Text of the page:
That’s right, the day after Thanksgiving is the best sandwich day of the year.

We should make it part of the Thanksgiving holiday. It is an opportunity to eat one of my favorites, a turkey club sandwich with real rich mayonnaise (not that other stuff) and fresh tomatoes, leaf lettuce, artisan bread, American cheese and bacon.

My wife is already hiding the mayonnaise and the bacon. Just thinking about it makes me hungry.

Everyone loves sandwiches, and we all probably know the story, in 1762, when John Montagu, the 4th Earl of Sandwich, made it popular. The Earl was a big-time gambler who would spend hours at the card table. So, when he got hungry, he told his chef to put some meat between two slices of bread and the sandwich was brought to the attention of the world.

But some of our favorite sandwiches did not come along until much later. In 1965, at a Woolworth Lunch counter in Charleston, S.C., they were making a grilled cheese sandwich for a customer and on the grill-shelf was a freshly made tuna salad that accidentally fell on the grilled cheese. The Tuna Melt was born! I’m not sure how true that is, but it is a great sandwich.

The Cuban sandwich, another favorite of mine, made its way to Ybor City when many Cuban cigar workers moved to the area.

The top sandwiches choices in America can change depending on who you ask, but a recent survey by states the grilled cheese is number one at 79%, let’s face it, that’s not a big surprise. It's everyone's go-to sandwich and easy to make. Chicken and turkey are at 75%, roast beef at 71%, ham and the BLT at 69%, and peanut butter and jelly at 66%.

My wife won’t be happy with the survey, though. Her favorite is the Reuben, coming in at 48%. Still a great sandwich choice.

With all that talk about sandwiches, I am ready to eat. Let me see what’s in the refrigerator. Oh, by the way, what goes best with a sandwich? Potato chips, of course, and we have Chef George Crum to thank for that from 1853. He had a picky customer who complained the French fries were too thick. So, Chef Crum sliced the potatoes thinner and served the customer, but the customer still complained the potatoes were too thick. So, Chef sliced them so thin they could not be eaten with a fork, thinking this would annoy the customer, but to his surprise he loved them. After the accidental invention, Chef Crum manufactured, packaged and marketed them in New England as Saratoga Chips and Potato Crunches. In the 1920s a fellow came along named Herman Lay and the rest is history.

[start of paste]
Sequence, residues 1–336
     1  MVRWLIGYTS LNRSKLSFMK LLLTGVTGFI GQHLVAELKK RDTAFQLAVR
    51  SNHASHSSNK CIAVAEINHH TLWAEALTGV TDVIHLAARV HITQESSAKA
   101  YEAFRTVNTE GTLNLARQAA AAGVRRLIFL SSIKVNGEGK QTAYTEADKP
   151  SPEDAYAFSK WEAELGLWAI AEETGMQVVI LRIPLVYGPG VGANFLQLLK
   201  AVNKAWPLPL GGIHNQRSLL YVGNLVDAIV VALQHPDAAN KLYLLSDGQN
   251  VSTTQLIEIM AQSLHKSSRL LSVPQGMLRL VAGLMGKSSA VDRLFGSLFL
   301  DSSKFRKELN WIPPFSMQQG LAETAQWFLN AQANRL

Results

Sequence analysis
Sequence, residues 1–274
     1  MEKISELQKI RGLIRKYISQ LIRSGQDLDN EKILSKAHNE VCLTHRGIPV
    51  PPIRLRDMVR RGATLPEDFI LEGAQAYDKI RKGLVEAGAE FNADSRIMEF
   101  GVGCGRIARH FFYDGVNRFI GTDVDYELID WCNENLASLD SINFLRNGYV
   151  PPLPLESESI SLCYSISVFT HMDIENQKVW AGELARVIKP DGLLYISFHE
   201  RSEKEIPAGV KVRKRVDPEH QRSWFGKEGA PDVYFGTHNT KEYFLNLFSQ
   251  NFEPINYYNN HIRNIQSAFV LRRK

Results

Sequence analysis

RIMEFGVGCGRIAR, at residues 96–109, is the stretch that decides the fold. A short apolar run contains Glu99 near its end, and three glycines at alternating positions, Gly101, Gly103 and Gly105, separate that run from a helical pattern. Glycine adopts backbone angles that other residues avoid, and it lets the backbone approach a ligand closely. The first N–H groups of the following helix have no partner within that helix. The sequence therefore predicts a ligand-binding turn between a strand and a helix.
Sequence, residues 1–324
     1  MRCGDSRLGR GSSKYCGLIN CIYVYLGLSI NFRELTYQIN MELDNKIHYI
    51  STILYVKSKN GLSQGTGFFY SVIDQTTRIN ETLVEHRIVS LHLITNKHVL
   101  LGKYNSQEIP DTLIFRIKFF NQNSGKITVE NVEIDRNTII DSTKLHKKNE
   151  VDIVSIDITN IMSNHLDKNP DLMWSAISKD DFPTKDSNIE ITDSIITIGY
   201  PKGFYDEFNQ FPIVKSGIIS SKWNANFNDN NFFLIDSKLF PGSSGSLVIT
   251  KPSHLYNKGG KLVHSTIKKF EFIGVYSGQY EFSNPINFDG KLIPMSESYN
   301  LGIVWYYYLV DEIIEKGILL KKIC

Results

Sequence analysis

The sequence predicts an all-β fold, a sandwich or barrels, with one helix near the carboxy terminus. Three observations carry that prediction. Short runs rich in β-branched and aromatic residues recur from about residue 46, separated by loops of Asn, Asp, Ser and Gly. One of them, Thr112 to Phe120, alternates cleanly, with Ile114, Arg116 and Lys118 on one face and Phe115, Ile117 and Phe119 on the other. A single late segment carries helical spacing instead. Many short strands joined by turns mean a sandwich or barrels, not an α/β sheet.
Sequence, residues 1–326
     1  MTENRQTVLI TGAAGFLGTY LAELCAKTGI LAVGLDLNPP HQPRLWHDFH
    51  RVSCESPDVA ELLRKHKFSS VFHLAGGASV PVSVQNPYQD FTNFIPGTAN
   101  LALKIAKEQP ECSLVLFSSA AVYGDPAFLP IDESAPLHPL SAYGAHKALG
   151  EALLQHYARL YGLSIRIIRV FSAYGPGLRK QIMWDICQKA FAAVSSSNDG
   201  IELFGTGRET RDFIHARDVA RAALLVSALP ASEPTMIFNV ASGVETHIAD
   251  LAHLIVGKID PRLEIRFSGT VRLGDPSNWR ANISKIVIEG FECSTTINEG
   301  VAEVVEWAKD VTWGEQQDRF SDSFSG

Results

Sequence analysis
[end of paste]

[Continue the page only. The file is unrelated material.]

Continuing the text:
So, what should we make tonight? Look what I found.

A Monte Cristo Sandwich


2 slices bread

1 teaspoon real mayonnaise

1 teaspoon prepared mustard

2 slices cooked ham

2 slices cooked turkey or chicken meat

1 slice Swiss cheese

1 fresh egg

½ cup milk


Spread bread with mayonnaise and mustard. Alternate ham, Swiss and turkey slices on bread.

Beat egg and milk in a small bowl. Coat the sandwich with the egg and milk mixture. Heat a greased skillet over medium heat, brown the sandwich on both sides. Serve hot.

Option: Lightly dust with powdered sugar!

Costa Magoulas is dean of the Mori Hosseini College of Hospitality and Culinary Management at Daytona State College. Contact him at (386) 506-3578 or

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